Tuesday, March 28, 2017

Indifference is the Opposite of Love


There's a fine love between love and hate. Love can quickly turn into hate, as well as hate turning into love. Are they one in the same, or do you truly think someone can "hate" on someone without some sort of feeling of sadness, (loss of the friendship or relationship) or a deep admiration for them? And what I mean is this: when somebody falls indifferent towards you, doesn't that imply a lack of interest? Which is worse? A deep seated hatred for someone (why) or a true lack of interest -- an uncaring feeling toward someone else? Hatred implies that there are underlining feelings -- or unresolved issues brewing.

About ten years ago, I had a falling out with a friend of mine. We were working on the same project together, so it was more work-related. She was talented, intelligent, funny and very compassionate. We disagreed on something so strongly, that one day it just tore our friendship apart. And although I had less respect for her stance in something that I felt totally differently about, I still cared about her. I admired the person she was and thought she was just amazing. But I "hated" her for a particular reason. (I never "hate" anyone, but I'm trying to make a point here.) I had a strong distaste in the way she handled her business, especially after she hurt someone really bad due to her own gain. She is not normally a selfish person, but I pointed something out and we had a huge argument over a conflict of interest, as with any coworkers or artists would have.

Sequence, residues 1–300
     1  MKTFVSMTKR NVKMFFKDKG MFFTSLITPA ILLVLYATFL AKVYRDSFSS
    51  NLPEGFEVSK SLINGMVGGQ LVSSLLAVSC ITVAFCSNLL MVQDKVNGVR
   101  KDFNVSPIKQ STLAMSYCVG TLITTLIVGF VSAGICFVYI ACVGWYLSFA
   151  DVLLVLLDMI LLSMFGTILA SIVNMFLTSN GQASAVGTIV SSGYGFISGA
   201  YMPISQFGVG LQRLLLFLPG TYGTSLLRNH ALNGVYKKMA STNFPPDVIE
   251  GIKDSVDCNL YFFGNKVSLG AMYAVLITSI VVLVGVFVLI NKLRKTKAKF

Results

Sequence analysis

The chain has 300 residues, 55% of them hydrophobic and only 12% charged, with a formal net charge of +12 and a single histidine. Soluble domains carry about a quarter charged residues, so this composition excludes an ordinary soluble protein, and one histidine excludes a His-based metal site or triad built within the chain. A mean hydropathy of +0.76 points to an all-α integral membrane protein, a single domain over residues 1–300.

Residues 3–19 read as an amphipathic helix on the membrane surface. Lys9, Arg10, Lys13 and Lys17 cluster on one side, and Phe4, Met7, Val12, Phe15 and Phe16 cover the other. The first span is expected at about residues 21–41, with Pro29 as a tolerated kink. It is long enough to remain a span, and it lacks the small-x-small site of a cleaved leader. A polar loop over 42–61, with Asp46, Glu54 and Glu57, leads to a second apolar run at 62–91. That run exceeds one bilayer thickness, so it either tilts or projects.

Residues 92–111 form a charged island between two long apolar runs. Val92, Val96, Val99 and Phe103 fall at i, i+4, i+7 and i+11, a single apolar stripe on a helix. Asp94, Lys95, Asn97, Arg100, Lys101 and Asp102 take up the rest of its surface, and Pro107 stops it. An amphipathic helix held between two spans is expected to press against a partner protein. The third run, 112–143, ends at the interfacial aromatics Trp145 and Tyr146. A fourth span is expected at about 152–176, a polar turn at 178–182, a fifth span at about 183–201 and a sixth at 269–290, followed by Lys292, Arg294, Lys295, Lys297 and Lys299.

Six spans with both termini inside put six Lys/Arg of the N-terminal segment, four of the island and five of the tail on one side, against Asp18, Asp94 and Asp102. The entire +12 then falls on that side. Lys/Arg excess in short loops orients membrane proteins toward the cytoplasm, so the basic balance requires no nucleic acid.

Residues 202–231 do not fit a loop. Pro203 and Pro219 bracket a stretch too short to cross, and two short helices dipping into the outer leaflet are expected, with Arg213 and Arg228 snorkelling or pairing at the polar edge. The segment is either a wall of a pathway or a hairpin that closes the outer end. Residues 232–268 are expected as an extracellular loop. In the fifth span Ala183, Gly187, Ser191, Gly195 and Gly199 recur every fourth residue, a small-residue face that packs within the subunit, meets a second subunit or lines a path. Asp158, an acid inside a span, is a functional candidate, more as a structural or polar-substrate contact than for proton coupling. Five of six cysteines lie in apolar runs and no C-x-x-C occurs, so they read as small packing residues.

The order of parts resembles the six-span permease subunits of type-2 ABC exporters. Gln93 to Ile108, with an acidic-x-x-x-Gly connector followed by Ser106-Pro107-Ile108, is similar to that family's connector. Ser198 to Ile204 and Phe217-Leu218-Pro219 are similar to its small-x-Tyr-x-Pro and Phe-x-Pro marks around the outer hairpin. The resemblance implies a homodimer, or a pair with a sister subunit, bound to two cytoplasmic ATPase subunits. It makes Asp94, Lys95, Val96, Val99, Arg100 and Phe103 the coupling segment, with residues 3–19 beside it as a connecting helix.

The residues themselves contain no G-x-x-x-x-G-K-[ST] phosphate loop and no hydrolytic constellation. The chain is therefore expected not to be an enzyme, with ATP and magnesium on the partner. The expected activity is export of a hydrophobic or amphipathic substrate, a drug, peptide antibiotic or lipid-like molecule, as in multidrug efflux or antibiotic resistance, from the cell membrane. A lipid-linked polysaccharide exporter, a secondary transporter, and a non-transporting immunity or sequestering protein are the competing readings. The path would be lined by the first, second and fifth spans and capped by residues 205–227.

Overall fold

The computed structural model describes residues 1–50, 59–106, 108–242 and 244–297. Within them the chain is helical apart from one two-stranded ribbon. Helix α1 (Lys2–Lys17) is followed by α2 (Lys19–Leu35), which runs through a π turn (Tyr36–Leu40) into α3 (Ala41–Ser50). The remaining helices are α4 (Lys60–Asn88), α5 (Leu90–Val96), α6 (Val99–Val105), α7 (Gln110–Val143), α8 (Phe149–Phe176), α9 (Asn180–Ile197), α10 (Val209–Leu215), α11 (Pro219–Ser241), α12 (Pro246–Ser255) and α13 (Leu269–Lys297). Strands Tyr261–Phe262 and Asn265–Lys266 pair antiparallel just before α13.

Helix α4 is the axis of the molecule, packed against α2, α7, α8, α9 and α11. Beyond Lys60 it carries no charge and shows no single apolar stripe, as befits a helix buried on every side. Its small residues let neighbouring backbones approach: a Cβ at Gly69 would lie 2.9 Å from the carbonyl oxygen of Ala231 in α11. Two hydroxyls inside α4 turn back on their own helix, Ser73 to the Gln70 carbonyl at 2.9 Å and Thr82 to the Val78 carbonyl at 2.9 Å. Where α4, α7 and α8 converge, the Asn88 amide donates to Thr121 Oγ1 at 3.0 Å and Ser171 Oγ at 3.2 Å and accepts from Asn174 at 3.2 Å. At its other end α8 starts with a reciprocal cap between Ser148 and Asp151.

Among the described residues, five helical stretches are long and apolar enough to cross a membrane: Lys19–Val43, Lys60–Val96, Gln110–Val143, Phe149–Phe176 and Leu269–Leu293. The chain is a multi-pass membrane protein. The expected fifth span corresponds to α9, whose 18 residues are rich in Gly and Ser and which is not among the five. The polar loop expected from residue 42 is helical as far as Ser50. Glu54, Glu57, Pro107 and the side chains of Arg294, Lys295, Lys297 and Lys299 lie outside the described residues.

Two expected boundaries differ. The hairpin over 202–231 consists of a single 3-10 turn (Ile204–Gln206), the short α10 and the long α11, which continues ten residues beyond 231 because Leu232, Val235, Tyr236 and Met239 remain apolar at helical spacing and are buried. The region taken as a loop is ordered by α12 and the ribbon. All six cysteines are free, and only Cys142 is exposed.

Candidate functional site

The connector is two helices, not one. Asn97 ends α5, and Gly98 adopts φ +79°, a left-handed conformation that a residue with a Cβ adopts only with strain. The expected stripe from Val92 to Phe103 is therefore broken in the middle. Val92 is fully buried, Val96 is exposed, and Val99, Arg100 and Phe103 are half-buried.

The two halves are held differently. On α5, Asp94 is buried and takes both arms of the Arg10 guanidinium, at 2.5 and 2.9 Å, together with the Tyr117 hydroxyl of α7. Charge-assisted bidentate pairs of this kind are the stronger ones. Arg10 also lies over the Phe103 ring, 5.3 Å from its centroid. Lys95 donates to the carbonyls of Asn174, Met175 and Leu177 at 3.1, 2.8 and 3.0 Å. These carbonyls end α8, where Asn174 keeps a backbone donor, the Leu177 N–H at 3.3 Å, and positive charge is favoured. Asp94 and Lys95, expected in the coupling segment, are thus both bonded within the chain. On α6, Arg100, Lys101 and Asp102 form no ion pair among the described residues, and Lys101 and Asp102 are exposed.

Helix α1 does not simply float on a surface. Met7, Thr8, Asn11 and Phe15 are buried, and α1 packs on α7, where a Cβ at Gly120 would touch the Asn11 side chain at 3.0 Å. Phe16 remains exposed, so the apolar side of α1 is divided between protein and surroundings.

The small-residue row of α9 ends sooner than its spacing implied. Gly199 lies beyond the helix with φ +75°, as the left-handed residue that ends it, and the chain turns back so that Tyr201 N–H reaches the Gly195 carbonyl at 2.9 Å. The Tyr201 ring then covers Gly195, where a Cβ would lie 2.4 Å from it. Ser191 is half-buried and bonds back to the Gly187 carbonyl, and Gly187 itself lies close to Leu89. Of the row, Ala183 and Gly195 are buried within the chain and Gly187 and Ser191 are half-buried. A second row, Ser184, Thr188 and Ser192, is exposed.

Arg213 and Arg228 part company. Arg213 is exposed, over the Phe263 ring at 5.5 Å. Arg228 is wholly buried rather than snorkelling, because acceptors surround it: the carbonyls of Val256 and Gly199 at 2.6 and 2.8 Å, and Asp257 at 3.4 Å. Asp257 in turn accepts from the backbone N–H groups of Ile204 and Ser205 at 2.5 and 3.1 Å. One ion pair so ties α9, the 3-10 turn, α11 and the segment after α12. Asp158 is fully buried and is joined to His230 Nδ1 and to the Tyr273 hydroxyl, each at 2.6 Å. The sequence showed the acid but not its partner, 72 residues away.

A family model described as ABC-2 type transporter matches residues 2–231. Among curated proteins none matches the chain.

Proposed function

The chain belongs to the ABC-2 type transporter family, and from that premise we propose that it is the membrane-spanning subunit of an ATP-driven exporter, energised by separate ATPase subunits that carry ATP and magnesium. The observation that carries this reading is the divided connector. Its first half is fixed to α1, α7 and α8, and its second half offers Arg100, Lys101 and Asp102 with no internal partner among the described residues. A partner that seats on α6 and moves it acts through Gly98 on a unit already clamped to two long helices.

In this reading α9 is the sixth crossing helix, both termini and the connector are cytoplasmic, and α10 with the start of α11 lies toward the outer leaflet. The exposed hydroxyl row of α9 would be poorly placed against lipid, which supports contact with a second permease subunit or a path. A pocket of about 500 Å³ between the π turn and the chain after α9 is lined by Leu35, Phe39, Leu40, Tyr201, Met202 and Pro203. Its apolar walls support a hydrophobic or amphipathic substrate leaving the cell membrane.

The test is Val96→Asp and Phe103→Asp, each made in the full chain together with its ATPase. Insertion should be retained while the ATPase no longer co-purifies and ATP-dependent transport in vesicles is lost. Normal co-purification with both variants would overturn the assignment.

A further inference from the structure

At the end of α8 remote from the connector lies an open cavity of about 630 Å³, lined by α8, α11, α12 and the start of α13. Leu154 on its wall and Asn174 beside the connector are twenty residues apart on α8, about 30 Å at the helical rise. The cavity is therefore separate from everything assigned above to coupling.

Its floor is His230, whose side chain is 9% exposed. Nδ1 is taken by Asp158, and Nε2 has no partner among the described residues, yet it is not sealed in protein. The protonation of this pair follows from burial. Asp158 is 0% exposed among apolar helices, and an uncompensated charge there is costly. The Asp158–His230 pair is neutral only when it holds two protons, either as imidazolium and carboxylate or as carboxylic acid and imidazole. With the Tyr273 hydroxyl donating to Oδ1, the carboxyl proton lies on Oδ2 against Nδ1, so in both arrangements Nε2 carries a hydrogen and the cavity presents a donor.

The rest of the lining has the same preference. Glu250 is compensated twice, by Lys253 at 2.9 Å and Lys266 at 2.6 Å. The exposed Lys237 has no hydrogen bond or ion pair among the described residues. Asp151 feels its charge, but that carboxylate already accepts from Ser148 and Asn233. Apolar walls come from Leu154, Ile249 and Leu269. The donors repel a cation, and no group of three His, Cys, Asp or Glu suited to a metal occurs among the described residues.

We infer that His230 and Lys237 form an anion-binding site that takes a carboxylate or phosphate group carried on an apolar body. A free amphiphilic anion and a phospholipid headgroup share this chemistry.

After we were finished with our project, we discontinued communication and parted ways. We "said our peace," but it was time to move on. I didn't go on social media and bash her to smithereens or slander her character in any shape or form. I didn't badmouth her to anyone, perhaps complain to my wife about it, but that was the extent of it. She would write up on her Twitter that I hated her -- she became very vocal in airing out our disagreement. They were more or less jabs, and not these ugly statements made in anger. Just "take that" kinda jab, or perhaps just a subliminal type of tweet that would get my attention. And it did. Why?

Because I checked.

Do you see where I'm going with this?

Sometimes, you can actually "like" someone, but not have to communicate with them. In some cases, reconciliation happens, but if it doesn't, the act of "hating on someone" becomes transparent. It shows that you care more than you'd admit. To continually banter back and forth with someone are signs that the situation was never resolved or it didn't have any sort of proper closure. If I was ever a "lover" and "admirer" of yours, whether as friends or a colleague, (not romantically, but I guess you can go there too) -- then there is still that part of me that STILL admires you and what you're all about. I may not admire what you did to me, or agree with your actions and whatnot, but part of me will always admire that something that made me love you in the first place. I'm a firm believer that feelings for someone doesn't change that drastically, even if we were deeply hurt. They can morph into hateful words due to a broken heart or just being scorned -- but there's a much deeper level of hurt when somebody is still "hating on you" -- this implies constantly tweeting about you or talking about what happened. Vent, talk it out, yell it out, but remember one thing...